I want to share a great folk tale from Thailand with implications on leadership. Thai parents tell their children this story to teach them the right way to lead.
Once upon a time a ferocious wind named Saladon met a gentle breeze named Pattaya. The two started talking and the blustery loudmouth, Saladon, declared he could do anything he wanted as he was such a strong wind. Everyone gets out of his way and does what he wants. Saladon went on to say he takes care of business with his mighty strength and sheer force of willpower.
Pattaya replied in wonderment, I am not a strong wind like you, because I choose to refreshing and gentle. I don’t like to use all of my strength. To which, Saladon retorted, why would you do that? Why would you choose to be weak?
Pattaya calmly responded, I get what I want.
However, Saladon wasn’t satisfied, he proclaimed, he could get anything and do anything he wanted, and urged his new friend to be more assertive.
Pattaya thought for a moment not convinced that Saladon’s approach was ideal. Then Pattaya got an idea. The smoothed ocean breeze came up with a challenge for Saladon.
He asked, you can do anything, right?
Saladon replied, of course.
Anything? Because I am thinking of one thing that might be difficult for you.
Yes, Anything, Saladon angrily said as his voice began to rise.
Pattaya kept pouring gas on the fire and stirred up Saladon. Well, I have this one thing that might challenge your claims.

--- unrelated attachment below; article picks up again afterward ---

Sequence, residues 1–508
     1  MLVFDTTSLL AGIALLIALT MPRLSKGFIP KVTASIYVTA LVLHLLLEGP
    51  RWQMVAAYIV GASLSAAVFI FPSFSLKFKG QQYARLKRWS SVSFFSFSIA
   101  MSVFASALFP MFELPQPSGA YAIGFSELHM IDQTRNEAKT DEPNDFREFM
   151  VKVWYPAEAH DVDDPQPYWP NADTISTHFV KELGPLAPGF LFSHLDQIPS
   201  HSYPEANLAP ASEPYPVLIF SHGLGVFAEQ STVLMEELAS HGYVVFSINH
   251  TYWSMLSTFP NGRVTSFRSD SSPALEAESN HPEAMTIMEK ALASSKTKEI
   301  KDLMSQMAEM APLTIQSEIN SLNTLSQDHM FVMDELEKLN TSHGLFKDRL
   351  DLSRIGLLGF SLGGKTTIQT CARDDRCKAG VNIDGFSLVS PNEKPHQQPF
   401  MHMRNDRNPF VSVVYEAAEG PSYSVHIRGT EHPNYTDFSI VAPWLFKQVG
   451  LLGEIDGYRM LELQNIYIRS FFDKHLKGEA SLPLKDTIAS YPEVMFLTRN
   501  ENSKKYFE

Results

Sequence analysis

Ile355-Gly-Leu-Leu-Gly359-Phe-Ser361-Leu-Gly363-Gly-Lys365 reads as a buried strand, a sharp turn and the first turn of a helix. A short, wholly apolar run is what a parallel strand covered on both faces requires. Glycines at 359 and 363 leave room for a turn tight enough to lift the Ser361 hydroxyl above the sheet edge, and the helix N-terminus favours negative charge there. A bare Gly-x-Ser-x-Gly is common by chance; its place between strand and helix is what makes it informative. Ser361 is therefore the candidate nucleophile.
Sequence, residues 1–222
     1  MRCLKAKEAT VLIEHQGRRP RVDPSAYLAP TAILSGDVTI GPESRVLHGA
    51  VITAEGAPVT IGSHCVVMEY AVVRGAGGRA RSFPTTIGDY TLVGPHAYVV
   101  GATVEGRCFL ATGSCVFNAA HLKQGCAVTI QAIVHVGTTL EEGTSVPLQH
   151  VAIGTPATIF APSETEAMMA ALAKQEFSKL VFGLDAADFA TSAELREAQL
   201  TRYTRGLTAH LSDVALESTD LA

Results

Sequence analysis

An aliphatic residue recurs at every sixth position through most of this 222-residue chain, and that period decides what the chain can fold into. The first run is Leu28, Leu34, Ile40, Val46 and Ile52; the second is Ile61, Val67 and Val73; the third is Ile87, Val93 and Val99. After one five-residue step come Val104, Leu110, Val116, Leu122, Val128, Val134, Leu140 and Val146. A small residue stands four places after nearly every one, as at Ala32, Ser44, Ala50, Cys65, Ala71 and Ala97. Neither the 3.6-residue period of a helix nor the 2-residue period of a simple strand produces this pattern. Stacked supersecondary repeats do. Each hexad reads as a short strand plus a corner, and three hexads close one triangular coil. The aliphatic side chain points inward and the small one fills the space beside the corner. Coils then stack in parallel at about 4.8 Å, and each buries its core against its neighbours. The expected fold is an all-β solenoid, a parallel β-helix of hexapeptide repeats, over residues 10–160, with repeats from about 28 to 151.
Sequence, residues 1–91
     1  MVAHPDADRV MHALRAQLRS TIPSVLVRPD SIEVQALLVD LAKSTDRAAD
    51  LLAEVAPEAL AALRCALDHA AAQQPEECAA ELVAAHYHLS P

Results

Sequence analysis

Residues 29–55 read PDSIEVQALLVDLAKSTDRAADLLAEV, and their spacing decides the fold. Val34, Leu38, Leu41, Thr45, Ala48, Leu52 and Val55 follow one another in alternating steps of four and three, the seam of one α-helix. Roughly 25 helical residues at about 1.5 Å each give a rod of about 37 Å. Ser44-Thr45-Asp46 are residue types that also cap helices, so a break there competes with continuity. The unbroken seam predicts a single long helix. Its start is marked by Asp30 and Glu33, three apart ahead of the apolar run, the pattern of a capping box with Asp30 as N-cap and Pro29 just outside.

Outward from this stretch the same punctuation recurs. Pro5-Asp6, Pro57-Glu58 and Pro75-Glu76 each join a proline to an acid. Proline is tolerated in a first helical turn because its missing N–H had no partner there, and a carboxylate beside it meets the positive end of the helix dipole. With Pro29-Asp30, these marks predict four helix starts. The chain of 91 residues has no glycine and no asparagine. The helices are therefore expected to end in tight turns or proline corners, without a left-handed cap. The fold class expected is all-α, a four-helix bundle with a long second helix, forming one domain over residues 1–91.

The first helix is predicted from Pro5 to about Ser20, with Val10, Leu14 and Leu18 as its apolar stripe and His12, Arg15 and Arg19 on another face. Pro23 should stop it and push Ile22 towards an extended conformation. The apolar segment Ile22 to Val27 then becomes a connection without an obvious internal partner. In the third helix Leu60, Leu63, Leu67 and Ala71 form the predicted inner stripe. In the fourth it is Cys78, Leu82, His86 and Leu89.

Saladon said, whatever it is, I can do it.
Ummm, I am not sure I want to tell you, because I don’t want you to say no if you can’t do it, Pattaya said.
Now, a fuming Saladon insisted he could do it no matter what it was.
Pattaya then gave the challenge. He pointed out the monkeys that love to climb the trees in the jungle along the beaches. He challenged Saladon to make the monkeys get out of the trees. Saladon confidently took the challenge.
He thought this was easy as he was all worked up and ready to go. He gathered all of his force and began to whirl a wind so strong the trees began to blow. Leaves blew off the trees and the scared monkeys grabbed onto the trees with all their might. They held on not knowing what else to do. Saladon was just getting started when he began blowing with as much fury as he could. The trees began to bend sideways, but the monkeys kept holding on as tight as they were afraid to let go and fall to the ground.
Saladon blew his mighty wind as long as he could, but after about thirty minutes of frantic wind gusts, the monkeys still clung to the trees.
Pattaya cracked a sly smile across his face. Saladon not wanting to admit his shortcoming said if I can’t do that, there is no way a small wind like you could get them out of the trees. With a small smile still across his face and now a twinkle in his eye, Pattaya said it’s my turn.
When the warm, soft breeze blew across the faces of the monkeys, they began to feel more comfortable and relaxed. Pattaya kept blowing gently and bringing the afternoon breeze in from the shore. The monkeys thought they were getting so relaxed, so they decided to climb down and curl up for a nap.
Pattaya won the challenge and showed that he could get as much done and more with his style of wind. Saladon stormed off in a huff.
And when the parents tell their children the story, they explain that good leaders get more done by being gentle and compassionate.